Nathan Beard is a multidisciplinary artist. His project for the artist fund, Mango Diaspora, will involve complex reproduction of exotic fruits through mould-making. Inspired by complex personal, political and colonial histories, the project will be a new body of work for exhibition, driven by Nathan’s Australian-Thai background.

Nathan generates visually extravagant slippages of identity that offer unique articulations of the complexities surrounding diasporic identity. He has steadily exhibited nationally since 2012, with works acquired by institutions including the Art Gallery of Western Australia and Artbank.

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Deb Fitzpatrick is an author based in Fremantle. During her artist residency at Minderoo Station, she aims to create a first draft of a new novel for adults, Forty-three. The novel will be a study of human survival in extreme conditions, based loosely on the 43-day survival of Alaskan man Robert Bogucki, in the Great Sandy Desert in 1999.

Deb is the author of six novels for adults, young adults and children. These have been named Notable Books by the Children’s Book Council of Australia, shortlisted in the West Australian Young Readers Book Awards, and published in the US. In 2020 Deb was the recipient of a May Gibbs Children’s Literature Trust Creative Time Residential Fellowship. Deb loves to use stories from real life in her novels and regularly teaches creative writing in schools.

Graham Hay is a sculptor, specialising in paper clay and compressed paper. During his residency for the artist fund, Graham will develop the sculptural and technical potential of unfired paper clay, appropriate for arid climates. The project’s key objective is to fundamentally alter the fixation on kiln firing within local and global ceramic art communities.

Graham graduated from the Universities of Western Australia, Edith Cowan, and Curtin. While he works across different mediums, he is internationally recognised as a pioneer in the paper clay sculpture movement. Having given over 300 artist talks, workshops, and demonstrations in over a dozen countries, Graham was invited to co-lead the first international paper clay symposia in Hungary, the US and Norway, and to recently join the Académie Internationale de la Céramique.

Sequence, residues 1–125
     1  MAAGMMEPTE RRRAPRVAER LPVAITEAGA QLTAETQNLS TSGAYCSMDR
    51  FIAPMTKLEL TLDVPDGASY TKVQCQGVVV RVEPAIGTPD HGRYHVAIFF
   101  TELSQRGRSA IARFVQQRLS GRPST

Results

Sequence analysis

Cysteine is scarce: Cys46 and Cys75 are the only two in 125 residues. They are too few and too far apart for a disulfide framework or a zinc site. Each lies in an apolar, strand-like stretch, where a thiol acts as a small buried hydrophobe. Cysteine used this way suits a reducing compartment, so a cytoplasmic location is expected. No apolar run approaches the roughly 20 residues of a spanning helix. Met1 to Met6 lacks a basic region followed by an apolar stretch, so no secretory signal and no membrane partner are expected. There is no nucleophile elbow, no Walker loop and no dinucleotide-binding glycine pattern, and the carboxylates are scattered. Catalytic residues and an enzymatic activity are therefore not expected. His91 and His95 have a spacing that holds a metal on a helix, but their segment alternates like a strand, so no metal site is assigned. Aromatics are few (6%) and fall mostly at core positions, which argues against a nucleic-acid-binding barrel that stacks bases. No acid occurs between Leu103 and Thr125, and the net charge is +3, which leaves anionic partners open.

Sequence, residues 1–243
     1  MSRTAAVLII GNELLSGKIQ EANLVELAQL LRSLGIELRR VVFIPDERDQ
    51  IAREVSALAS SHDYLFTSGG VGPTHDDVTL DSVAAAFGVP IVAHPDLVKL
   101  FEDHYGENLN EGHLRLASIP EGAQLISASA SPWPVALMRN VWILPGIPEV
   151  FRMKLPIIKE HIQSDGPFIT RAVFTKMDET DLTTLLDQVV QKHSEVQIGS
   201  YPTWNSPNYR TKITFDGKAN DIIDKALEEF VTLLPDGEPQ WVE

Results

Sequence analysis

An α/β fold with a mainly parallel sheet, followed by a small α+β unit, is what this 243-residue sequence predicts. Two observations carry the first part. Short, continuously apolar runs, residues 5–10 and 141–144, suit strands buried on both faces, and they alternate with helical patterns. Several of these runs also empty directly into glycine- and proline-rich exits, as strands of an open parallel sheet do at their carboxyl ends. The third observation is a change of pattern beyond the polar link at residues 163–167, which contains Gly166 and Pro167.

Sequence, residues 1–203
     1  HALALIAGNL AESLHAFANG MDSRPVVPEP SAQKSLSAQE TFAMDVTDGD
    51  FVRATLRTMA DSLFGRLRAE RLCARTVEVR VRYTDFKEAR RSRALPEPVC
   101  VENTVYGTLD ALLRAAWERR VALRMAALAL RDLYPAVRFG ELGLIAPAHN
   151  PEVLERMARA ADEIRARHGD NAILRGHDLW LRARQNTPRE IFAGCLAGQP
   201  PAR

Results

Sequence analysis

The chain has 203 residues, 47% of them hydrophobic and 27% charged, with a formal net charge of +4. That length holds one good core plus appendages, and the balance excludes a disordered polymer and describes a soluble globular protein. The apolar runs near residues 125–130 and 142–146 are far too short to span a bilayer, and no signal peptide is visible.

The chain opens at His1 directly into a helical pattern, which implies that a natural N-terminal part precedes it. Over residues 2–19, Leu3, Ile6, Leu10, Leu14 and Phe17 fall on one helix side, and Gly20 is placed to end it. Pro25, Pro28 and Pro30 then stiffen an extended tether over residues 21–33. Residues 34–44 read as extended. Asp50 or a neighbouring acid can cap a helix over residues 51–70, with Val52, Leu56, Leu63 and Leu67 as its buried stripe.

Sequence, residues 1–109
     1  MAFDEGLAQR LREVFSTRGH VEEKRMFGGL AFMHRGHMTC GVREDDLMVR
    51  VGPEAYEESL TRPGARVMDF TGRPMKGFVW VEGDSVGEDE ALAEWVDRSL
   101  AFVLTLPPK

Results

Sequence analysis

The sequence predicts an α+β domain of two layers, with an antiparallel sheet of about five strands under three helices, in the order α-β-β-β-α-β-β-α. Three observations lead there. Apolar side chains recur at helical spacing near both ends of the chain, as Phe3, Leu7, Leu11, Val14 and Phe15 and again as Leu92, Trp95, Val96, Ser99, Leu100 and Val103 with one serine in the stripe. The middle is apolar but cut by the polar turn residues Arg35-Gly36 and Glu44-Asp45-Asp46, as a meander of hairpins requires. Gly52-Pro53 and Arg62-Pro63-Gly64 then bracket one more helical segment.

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Emily Honey is a screenwriter. Her project for the artist fund, BOOTS, is a feature film screenplay about an underdog WAWFL team, based in Fremantle. Playing on themes of isolation and intergenerational misunderstanding, the script will be an incisive, comic take on some of the most pressing cultural issues of our time: misogyny, racism, mental health… and football.

Emily began writing sketches whilst studying History and Politics at the University of Oxford, as a member of the Oxford Revue. After an internship at Warner Brothers in LA, she taught herself screenwriting and has since worked across Australian film and TV.

She is a five-time finalist for the Sundance Screenwriting Lab and was offered a Screenwriting fellowship at the American Film Institute in 2019, 2020 and 2021.

Louis Frere-Harvey is a trained percussionist, composer and DJ. His project for the artist fund, Rudimentary, is an exploratory work, which will unpack the theoretical links between the fundamental elements of dance and music and the language the two mediums share.

After completing performance studies at WAAPA, Louis began his career writing, performing and teaching as a percussionist. After half a decade touring as internationally acclaimed DJ Command Q, Louis entered a new era collaborating as a composer on contemporary dance projects.

Combining his training in percussion and understanding of movement with his passion for electronic dance music, Louis creates compositions exploring the origins of rhythm within the body and its relationship to music.